Month      January February March April May June July August September October November December---------- ------- -------- ----- ----- --- ---- ---- ------ --------- ------- -------- --------#WorkHours 184     160      176   168   184 168  176  184    160       184     176      168

In real life, you may have fewer working hours in a month because of the holidays. In that case, you can place the holiday dates in a separate table and modify the script from the above listing (try this as an exercise).

Finally, the following example shows you how to build a traditional calendar using the PIVOT operator:

SELECT *  FROM  (SELECT DatePart(mm, DATEADD(dd, num, 'Dec 31, 2006')) MonthNum,          DateName(mm, DATEADD(dd, num, 'Dec 31, 2006')) MonthName,          DatePart(wk, DATEADD(dd, num, 'Dec 31, 2006')) WeekOfYear,          DATEPART(dd, DATEADD(dd, num, 'Dec 31, 2006')) YearDay,          DateName(dw, DATEADD(dd, num, 'Dec 31, 2006')) weekDayName	     FROM sequence) sourceTablePIVOT (MIN(YearDay) FOR weekDayName IN(Sunday, Monday, Tuesday, Wednesday, Thursday, Friday, Saturday)) AS pivotTableORDER BY MonthNum, WeekOfYear;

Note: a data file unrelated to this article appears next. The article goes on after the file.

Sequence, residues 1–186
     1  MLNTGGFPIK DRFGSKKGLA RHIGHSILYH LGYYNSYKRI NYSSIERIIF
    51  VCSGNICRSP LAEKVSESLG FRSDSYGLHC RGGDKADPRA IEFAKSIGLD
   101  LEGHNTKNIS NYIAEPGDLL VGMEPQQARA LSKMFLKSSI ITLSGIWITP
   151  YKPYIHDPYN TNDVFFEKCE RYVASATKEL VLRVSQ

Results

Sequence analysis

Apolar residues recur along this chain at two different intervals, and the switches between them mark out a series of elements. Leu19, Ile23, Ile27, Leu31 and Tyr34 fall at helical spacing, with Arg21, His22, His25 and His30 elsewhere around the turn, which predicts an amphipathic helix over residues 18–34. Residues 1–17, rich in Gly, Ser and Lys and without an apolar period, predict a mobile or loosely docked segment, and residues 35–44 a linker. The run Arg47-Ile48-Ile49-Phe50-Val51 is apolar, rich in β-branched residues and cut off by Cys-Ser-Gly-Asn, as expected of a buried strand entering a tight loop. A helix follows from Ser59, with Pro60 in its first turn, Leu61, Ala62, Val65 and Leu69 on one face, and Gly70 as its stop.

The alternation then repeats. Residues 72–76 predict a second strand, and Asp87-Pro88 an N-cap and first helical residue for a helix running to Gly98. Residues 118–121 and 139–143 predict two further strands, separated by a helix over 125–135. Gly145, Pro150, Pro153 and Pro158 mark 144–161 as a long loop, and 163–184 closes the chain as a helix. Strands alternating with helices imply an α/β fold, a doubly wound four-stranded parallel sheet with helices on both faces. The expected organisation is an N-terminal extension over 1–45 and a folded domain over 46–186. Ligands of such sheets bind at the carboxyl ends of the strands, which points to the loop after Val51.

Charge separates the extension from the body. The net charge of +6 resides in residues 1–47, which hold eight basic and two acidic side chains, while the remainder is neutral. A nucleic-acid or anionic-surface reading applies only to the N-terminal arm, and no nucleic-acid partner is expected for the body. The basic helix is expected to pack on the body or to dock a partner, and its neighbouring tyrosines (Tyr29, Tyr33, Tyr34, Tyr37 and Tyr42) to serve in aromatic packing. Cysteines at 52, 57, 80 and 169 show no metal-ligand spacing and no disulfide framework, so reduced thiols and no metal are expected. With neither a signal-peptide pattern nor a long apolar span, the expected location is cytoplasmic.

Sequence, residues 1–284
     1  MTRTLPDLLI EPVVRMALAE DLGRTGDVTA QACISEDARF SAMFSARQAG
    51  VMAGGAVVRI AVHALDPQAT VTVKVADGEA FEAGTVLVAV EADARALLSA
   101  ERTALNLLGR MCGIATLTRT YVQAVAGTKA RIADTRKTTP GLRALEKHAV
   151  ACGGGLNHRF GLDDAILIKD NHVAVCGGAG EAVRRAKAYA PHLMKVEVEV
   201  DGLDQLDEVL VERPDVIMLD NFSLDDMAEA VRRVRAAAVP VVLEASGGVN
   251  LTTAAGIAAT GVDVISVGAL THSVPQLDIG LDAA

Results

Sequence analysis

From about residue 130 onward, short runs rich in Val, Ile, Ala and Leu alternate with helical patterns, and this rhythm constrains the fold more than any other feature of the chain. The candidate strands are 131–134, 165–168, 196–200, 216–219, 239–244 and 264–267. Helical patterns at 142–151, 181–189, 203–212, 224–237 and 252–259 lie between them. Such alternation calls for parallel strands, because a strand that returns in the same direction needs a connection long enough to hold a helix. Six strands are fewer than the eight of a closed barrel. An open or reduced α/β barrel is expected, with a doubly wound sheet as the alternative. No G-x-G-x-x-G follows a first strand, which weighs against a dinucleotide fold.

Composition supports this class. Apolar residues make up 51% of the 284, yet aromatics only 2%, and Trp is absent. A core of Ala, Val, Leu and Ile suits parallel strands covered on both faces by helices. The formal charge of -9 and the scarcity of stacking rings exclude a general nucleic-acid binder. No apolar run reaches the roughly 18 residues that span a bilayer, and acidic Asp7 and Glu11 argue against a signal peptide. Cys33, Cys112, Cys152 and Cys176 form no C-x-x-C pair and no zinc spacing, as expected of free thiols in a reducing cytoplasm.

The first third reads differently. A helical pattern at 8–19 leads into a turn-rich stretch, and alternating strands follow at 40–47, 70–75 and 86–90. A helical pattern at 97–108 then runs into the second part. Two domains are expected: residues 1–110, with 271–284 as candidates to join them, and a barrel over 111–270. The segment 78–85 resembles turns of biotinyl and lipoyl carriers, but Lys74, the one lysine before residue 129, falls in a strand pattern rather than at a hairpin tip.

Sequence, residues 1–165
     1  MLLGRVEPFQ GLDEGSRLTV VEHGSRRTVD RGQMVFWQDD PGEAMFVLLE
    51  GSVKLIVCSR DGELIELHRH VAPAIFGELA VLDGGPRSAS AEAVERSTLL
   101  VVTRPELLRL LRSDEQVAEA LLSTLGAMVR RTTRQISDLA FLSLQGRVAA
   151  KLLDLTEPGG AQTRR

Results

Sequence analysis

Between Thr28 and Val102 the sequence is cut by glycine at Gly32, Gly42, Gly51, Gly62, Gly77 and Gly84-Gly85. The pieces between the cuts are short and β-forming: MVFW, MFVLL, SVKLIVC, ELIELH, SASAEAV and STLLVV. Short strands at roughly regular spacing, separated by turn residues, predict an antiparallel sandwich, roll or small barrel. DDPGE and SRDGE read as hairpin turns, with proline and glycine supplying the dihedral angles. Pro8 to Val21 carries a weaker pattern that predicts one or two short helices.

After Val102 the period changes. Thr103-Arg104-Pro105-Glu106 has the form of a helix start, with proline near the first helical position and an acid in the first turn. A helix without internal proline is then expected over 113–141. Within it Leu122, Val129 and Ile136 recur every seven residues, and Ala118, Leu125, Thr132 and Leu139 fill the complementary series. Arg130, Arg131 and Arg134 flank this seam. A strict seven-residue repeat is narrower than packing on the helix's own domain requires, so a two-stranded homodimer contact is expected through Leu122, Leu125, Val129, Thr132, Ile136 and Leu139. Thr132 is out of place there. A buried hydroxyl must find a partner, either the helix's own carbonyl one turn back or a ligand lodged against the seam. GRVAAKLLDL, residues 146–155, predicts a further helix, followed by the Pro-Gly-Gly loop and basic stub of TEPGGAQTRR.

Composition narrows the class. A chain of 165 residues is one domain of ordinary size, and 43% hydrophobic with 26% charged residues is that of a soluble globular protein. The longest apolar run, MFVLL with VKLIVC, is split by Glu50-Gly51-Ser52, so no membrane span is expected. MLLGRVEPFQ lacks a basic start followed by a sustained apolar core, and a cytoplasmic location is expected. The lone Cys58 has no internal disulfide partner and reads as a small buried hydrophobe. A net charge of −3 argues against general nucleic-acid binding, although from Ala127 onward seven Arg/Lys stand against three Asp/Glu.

Results: